Guatemalan authorities on Monday identified 15 of 27 migrant farm workers beheaded near the Mexican border in a weekend massacre they blamed on Mexico's brutal Zetas drug gang.
The killings at "Los Cocos" farm in La Libertad, in the Peten region some 600 kilometers (373 miles) north of the capital Guatemala City, were the worst in the violent Central American nation's recent history.
Three minors and two women were among the victims, authorities said. Among those identified, the youngest victim was 13 years old.
Interior Minister Carlos Menocal said Monday that the killers had been seeking to murder the farm's owner in a region where the Zetas are blamed for rising violence.
"We believe that the Zetas were seeking Otto Salguero (the owner), because the weekend massacre raised suspicions he was implicated in drug trafficking," Menocal told Emisoras Unidas radio.
"We don't yet have conclusive proof that he was involved in drug trafficking," he added.
Thirty to 40 men armed with assault rifles stormed the farm, asking the workers for the owner's whereabouts, Menocal said.
One of three survivors told AFP that the hitmen said they were looking for Salguero.
"I was washing when they told us not to move and started to shoot. They started killing at around 7 pm Saturday and finished at around 3 am Sunday," he added, declining to reveal his name.
"I'm alive thanks to God. I played dead when they stabbed me in the stomach, then I hid and left at around 5 am and I came across a pile of human heads," said the pale-faced 23-year-old in a Guatemala hospital bed.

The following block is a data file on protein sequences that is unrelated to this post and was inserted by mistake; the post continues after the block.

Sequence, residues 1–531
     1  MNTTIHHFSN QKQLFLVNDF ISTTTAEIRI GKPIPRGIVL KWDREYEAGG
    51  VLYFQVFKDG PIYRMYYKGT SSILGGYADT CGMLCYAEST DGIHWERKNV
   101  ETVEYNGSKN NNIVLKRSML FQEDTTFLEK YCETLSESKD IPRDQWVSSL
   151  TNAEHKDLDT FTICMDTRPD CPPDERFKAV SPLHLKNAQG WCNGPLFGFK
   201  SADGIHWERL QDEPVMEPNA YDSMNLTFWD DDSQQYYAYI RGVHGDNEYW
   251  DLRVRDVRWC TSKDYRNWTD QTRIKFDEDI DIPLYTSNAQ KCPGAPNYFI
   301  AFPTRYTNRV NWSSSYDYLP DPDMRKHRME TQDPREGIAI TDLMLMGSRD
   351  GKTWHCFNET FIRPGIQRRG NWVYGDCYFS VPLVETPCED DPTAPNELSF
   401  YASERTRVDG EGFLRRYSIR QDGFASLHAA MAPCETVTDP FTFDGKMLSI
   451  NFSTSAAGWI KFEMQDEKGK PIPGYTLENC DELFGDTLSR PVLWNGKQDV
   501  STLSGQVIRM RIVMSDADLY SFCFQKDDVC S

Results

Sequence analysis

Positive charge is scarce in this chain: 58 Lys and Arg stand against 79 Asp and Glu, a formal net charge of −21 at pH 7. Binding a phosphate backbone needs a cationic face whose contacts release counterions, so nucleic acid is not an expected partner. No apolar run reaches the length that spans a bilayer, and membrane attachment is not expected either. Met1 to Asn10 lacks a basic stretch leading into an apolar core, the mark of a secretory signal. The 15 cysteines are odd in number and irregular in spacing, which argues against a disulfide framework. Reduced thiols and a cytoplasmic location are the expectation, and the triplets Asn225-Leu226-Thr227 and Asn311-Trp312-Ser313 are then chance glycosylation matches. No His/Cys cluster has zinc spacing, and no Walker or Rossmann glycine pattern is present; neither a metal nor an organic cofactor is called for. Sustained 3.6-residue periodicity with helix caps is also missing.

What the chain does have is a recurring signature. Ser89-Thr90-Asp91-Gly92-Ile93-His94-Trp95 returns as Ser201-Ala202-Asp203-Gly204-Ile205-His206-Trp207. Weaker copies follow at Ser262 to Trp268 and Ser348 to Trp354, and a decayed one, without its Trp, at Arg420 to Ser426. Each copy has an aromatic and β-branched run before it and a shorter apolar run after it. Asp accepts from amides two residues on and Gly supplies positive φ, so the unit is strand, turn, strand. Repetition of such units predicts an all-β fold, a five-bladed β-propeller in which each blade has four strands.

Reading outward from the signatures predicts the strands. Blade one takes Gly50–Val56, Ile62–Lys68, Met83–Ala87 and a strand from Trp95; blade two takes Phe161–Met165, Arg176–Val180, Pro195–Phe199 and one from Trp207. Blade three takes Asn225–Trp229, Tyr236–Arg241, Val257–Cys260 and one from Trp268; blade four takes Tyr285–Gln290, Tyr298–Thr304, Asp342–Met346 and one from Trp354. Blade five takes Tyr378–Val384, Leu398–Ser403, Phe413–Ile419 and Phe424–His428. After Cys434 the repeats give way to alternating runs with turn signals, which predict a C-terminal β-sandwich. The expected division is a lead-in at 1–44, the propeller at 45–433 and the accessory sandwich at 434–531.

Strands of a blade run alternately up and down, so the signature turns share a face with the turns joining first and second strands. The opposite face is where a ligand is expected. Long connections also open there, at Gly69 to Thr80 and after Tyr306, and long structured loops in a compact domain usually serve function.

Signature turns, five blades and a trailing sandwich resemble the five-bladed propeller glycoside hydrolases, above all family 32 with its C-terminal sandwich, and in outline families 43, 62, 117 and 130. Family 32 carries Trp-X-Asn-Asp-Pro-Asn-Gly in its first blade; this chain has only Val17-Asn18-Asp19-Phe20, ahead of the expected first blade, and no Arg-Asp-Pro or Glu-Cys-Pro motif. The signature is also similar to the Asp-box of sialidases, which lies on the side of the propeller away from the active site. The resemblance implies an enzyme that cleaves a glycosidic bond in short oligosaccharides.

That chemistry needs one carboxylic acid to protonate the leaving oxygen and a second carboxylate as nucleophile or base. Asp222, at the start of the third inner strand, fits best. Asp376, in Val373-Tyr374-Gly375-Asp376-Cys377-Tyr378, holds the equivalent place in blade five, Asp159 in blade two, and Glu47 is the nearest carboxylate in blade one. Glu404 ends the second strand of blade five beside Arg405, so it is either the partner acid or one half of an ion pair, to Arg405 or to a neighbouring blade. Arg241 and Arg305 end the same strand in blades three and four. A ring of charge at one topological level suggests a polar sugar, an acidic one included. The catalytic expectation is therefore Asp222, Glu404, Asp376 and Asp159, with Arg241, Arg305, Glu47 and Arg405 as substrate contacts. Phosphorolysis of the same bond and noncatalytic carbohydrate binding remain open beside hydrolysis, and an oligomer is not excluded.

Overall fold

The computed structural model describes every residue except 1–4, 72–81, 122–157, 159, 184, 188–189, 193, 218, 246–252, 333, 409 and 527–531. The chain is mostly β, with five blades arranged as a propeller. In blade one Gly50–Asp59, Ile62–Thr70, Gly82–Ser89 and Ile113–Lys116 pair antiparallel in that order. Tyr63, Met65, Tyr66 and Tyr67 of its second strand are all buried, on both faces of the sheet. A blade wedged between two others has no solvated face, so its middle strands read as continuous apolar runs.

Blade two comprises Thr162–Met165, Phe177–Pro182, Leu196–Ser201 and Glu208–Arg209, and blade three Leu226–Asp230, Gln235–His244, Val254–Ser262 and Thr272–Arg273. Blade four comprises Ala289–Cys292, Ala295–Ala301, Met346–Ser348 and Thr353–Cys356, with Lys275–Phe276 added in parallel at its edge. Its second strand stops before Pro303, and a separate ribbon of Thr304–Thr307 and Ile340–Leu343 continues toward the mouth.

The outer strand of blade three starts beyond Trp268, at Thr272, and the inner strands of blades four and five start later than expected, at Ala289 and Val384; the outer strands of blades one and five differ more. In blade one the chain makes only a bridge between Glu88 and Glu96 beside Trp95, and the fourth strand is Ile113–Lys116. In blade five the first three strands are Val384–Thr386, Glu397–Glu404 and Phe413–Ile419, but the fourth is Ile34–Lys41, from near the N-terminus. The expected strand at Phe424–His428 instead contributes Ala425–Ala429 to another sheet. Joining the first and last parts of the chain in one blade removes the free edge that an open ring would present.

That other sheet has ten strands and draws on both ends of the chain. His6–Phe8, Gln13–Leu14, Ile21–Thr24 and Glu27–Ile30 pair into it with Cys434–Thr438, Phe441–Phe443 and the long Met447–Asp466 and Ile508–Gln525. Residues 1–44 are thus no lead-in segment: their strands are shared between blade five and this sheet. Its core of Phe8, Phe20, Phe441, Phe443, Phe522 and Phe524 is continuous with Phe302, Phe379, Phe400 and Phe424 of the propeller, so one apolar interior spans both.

Earlier reports put the death toll slightly higher.
Menocal blamed the killings, as well as a string of recent murders in the area, on the Zetas -- a Mexican drug gang with tentacles stretching from the southwestern United States into Central America.
Police chief Jaime Otzin said investigators were probing possible links to the murder on Saturday of Haroldo Lara Leon, a farmer and brother of the late drug trafficker Juan Jose Leon, who was killed by the Zetas gang in 2008.
Four teams of investigators and a police special forces unit were sent to search for clues in an area where the Zetas have been known to operate.
The Zetas have already spread fear across Mexico for their alleged involvement in a string of massacres, kidnappings and beheadings.
They were formed in the 1990s by former elite Mexican military personnel who became enforcers for the Gulf cartel. The groups are now engaged in a brutal turf war in parts of Mexico.
The Zetas are also reportedly seeking to control the lucrative trafficking corridor through northern Guatemala from local groups, seizing rural farms to use as depots for drugs and weapons.
A spike in violence prompted the Guatemalan government last December to declare a month-long "state of siege" in the northern department of Alta Verapaz.
Guatemala already has one of the highest murder rates in Latin America, an average of 18 per day.
The high numbers of homicides and systemic failure of the judicial system in a country where 98 percent of crimes go unpunished led the United Nations to create the International Commission against Impunity in Guatemala (CICIG), which began operations in late 2007.
Guatemala's violence still pales, however, in comparison with brutal massacres seen in Mexico's drug war, blamed for some 37,000 deaths since December 2006, when authorities launched a military crackdown on the illegal drug gangs.
Source: AFP Global Edition